Ansys Maxwell - Force Calculation

Aliosha86Aliosha86 Member Posts: 15

Dear all,

here I come again. This time I would be very grateful if someone can help me with this topic.

When I run my simulations in ANSYS MAXWELL  I can define Forces (Virtual or Lorentz type) in the parameters before doing the simulation and at the end of the simulations I can see the results. Are these type of forces the total force that act on the components? (I mean the integrated value over the Volume)

If I go to the results (Fields) I can also plot Force density volume or Surface density Forces. Can anyone explain to me the differences?

Is it possible to use the calculator and from the Force Density Volume or Surface density evaluate the total force that acts on the volume?



  • pblarsenpblarsen Posts: 49Member
    edited November 2019

    The force parameter is the Total Force that acts on the selected component(s), as if it was a rigid assembly that is experiencing the force.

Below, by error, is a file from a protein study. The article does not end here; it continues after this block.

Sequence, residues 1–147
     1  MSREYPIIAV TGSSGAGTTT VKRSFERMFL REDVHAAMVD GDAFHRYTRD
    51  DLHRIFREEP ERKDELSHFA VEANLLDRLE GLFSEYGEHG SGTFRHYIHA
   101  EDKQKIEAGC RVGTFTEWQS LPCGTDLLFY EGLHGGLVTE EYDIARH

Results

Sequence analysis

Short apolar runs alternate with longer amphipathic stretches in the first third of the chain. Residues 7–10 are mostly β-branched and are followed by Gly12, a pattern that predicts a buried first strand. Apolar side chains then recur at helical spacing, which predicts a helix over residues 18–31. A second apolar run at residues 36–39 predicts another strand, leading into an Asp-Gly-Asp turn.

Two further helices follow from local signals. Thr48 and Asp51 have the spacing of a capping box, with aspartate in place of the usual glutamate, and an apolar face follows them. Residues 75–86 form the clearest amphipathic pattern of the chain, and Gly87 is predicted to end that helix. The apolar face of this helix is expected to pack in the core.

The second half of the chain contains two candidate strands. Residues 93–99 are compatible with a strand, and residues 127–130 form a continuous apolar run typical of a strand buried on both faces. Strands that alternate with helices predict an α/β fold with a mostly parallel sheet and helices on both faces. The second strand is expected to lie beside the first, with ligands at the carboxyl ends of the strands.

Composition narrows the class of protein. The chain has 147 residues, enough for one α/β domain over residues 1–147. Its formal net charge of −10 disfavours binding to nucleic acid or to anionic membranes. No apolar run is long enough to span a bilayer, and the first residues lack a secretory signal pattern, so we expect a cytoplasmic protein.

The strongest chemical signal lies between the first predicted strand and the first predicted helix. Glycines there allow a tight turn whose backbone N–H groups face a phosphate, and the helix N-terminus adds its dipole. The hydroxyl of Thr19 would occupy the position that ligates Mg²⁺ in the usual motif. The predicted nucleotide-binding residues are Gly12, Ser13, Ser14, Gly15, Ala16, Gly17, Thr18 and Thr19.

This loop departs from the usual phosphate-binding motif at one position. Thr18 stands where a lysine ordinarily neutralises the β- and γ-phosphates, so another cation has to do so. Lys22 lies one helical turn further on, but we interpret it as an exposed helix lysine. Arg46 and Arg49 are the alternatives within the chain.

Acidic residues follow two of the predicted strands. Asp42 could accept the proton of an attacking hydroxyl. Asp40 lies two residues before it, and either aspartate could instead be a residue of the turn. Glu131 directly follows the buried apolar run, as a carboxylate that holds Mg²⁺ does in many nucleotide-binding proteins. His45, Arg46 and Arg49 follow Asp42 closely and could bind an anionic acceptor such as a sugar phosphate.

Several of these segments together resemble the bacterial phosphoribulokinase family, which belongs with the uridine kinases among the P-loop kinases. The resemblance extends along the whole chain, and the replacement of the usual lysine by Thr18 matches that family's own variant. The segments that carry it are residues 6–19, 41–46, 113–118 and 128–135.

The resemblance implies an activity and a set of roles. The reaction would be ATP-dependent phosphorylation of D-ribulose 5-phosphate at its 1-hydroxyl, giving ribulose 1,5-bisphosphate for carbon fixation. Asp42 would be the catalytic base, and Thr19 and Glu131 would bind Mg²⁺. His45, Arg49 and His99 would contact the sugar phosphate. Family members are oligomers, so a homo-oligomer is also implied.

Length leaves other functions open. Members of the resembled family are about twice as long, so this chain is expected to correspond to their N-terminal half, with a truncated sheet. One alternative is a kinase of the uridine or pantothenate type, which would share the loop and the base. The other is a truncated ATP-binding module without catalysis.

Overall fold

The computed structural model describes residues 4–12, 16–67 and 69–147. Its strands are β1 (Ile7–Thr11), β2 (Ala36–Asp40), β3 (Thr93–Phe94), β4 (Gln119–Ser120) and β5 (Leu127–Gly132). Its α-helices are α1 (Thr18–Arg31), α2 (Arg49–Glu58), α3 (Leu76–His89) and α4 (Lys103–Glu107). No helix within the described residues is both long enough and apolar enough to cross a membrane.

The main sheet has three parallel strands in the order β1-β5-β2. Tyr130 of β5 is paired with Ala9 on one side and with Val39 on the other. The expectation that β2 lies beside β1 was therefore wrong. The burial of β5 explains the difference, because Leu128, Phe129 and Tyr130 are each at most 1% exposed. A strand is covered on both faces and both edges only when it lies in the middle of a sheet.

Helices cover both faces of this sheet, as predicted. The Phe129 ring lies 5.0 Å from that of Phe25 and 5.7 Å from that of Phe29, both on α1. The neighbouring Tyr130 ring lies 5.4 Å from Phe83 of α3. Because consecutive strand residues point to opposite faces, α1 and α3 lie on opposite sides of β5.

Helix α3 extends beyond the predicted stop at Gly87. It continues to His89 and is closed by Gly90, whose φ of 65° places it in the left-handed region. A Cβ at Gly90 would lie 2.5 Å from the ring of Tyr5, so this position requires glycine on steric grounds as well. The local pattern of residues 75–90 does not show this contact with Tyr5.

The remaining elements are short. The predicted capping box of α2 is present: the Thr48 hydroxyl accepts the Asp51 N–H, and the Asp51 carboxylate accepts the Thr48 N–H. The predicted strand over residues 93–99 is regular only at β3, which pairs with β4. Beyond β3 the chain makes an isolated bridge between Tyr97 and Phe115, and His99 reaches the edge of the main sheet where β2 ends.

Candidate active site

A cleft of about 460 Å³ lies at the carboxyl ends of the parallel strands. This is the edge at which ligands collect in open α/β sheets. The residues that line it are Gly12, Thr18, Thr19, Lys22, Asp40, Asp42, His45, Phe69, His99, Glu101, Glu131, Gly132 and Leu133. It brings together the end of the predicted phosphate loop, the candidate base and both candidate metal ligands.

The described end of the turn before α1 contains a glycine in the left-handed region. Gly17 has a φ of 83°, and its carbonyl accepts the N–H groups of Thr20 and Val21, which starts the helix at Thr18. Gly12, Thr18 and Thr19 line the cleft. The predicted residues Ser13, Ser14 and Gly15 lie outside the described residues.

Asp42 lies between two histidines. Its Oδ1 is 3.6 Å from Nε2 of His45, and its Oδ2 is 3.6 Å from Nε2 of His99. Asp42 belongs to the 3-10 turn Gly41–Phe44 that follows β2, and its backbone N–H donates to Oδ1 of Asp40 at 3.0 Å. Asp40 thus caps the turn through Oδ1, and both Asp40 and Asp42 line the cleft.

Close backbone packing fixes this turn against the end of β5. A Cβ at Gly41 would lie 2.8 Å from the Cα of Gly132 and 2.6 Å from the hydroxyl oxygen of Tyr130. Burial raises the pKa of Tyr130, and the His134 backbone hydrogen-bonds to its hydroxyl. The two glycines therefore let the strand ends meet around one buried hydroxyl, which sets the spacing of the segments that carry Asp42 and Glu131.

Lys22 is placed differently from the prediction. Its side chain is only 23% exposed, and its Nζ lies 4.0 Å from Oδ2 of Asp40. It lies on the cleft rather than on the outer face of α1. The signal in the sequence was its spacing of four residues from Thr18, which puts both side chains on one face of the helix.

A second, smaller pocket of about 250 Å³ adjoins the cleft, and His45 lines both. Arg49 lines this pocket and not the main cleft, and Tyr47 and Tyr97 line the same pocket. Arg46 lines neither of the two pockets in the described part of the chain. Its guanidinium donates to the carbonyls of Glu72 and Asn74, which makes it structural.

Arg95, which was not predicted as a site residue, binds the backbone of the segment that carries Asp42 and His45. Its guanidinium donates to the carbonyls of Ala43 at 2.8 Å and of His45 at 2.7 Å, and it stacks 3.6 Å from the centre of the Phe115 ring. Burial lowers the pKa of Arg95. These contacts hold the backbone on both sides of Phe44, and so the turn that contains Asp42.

In 3D, Volume force density has units of N/m^3 and can be used for all force calculations, from Lorentz force to ferrous materials and magnets and even magnetostriction.  Surface force density has units of N/m^2, and should only be used for reluctance-type forces in ferrous materials and magnets (these are generally localized at the surface and so Surface force is a reasonable representation).  In general in 3D you can just use Volume Force Density, and a correct volume integral will obtain the same result as the Force parameter.

    In 2D, you should use Surface Force Density (units of N/m^3) for only Lorentz Force type forces.  You should use the Edge Force Density (units of N/m^2) for only reluctance-type forces (steel and magnets).  We just use different methods of calculation and these are just different representations of different forces.

    Yes, you can integrate the force densities to obtain the total force.  You need to integrate the force vectors as scalar components separately, so the steps for finding the volume integral of volume force density x-component would be the following in the Field Calculator:

    Quantity > VolumeForceDensity
    Scalar? > ScalarX
    Geometry > Volume > Object
    Integration Sign


  • Aliosha86Aliosha86 Posts: 33Member
    edited November 2019

    Thank you so much,

    now everything is much more clear to me.

    Thank you again



  • Osman_ddOsman_dd Posts: 1Member

    Dear Aliosha86

    Can you please tell me if you are calculating the forces using transient or magnetostatic solution?


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